This is because it's much easier to cross the ball with the inside of your foot. So unlike wingers who cut inside, it would actually be easier to play on the same side of the field as your strong foot.

Examples of left-footed right wingers:

The tactic of having a winger cut inside and shoot has been utilized by some of the world's best players.

Here are some examples of the world's best right wingers who were left-footed:

  • Lionel Messi (Barcelona, PSG)
  • Arjen Robben (Chelsea, Real Madrid, Bayern Munchen)
  • Mohamed Salah (Chelsea, Roma, Liverpool)

2. Left wingback

The second-best position for a left-footed player is the left wingback. The same can be said for the left fullback, which is a very similar position.

Why is it good for a left wingback to be left-footed?

As I've already discussed, it is very common for a team to use inverted wingers. However, this means those wingers are not crossing the ball.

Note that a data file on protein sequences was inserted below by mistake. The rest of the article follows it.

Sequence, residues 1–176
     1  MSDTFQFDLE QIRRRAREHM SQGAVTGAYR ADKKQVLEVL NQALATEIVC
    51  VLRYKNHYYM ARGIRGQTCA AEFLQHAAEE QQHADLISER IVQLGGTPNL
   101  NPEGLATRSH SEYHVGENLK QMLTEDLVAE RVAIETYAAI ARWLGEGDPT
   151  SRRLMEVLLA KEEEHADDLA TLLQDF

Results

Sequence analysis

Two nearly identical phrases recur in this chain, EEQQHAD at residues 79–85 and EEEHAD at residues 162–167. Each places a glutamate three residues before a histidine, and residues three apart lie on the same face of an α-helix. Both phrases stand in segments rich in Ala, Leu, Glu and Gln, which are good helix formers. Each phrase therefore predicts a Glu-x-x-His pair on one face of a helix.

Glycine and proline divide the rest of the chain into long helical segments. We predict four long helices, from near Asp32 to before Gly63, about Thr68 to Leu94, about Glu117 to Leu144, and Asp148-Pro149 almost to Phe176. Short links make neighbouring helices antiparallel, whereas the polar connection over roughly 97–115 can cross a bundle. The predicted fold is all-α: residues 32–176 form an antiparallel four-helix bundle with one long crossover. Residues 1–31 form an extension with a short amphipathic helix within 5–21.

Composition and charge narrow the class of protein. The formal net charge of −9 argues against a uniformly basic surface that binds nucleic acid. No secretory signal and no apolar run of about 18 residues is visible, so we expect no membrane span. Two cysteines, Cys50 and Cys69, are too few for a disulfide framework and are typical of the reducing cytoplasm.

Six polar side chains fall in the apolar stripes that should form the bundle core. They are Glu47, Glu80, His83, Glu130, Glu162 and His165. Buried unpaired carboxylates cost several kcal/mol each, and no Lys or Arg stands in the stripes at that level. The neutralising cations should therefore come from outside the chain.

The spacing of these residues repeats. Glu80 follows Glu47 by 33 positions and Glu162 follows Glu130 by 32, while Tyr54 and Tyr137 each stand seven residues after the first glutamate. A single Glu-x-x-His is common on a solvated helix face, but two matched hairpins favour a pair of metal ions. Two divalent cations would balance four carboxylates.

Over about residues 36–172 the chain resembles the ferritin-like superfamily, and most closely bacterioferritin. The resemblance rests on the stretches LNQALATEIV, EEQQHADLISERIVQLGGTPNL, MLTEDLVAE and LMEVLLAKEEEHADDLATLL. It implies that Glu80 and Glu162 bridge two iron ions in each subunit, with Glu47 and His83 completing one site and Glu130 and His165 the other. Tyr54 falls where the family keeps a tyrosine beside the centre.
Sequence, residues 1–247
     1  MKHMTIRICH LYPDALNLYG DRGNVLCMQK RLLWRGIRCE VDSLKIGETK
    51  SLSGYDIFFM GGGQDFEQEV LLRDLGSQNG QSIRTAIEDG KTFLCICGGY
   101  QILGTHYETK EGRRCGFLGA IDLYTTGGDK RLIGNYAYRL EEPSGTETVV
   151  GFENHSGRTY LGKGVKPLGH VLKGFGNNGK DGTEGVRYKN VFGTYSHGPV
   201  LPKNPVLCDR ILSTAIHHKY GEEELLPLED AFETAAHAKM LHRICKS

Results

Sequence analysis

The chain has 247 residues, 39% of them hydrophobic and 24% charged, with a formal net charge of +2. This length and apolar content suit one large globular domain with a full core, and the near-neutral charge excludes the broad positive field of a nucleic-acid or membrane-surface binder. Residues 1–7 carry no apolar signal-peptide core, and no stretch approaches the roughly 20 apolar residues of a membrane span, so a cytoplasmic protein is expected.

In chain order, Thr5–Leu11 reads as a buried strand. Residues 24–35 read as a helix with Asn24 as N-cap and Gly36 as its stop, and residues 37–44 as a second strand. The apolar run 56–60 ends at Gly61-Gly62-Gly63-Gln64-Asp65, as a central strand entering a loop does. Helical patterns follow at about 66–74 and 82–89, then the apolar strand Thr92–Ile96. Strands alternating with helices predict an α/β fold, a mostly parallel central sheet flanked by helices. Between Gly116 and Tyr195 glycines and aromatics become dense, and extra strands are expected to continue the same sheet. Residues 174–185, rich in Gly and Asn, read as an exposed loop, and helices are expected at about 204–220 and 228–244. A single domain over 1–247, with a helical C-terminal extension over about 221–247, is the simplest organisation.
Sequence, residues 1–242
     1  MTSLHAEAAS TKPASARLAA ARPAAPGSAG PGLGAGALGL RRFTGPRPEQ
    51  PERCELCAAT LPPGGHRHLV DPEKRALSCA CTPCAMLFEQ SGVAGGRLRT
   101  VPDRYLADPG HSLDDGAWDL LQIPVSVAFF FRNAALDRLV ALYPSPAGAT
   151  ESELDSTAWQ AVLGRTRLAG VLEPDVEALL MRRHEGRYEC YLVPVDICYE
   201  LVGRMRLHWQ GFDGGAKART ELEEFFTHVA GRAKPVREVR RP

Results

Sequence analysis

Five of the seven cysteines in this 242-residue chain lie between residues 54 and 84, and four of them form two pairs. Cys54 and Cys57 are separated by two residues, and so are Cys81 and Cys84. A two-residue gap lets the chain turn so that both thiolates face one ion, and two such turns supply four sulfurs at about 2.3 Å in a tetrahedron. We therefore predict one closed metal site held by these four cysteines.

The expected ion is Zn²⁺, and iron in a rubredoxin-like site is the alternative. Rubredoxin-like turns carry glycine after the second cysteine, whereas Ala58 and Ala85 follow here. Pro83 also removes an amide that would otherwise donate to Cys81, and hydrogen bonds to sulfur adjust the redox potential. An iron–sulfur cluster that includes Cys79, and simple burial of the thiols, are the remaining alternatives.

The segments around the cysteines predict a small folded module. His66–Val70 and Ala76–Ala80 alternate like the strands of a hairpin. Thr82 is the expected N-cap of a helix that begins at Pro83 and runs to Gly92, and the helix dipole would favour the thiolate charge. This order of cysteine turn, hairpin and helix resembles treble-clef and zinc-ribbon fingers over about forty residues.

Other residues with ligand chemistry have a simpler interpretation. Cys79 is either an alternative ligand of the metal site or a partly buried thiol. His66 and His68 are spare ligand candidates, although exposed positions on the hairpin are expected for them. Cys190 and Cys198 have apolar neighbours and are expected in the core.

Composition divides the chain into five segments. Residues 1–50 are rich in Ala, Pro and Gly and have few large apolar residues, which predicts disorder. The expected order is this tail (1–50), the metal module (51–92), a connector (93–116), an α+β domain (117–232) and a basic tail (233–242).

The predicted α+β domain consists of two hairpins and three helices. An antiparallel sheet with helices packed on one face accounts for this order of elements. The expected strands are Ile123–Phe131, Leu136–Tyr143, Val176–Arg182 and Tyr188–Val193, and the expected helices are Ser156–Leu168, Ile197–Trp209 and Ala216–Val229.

When this is the case, the team will need a player in a different position to provide the crosses. This is where the left wingback comes into play.

Suppose the left winger is cutting in to shoot. In that case, this means that the left wingback (or the left fullback) will have the responsibility of getting forward and crossing the ball when possible.

When crossing the ball into the box, a player will achieve much better accuracy by using the inside of their foot to shoot the ball.

Because of this, it means the left wingback would benefit greatly from having a strong left foot.

Unlike inverted wingers, a wingback is expected to play on the same side of the field as their strong foot. This is so that they can cross, pass and even intercept the ball with their stronger foot.

Should a left wingback always be left-footed?

If a left-footed player is available, the left wingback should indeed be played by a left footer.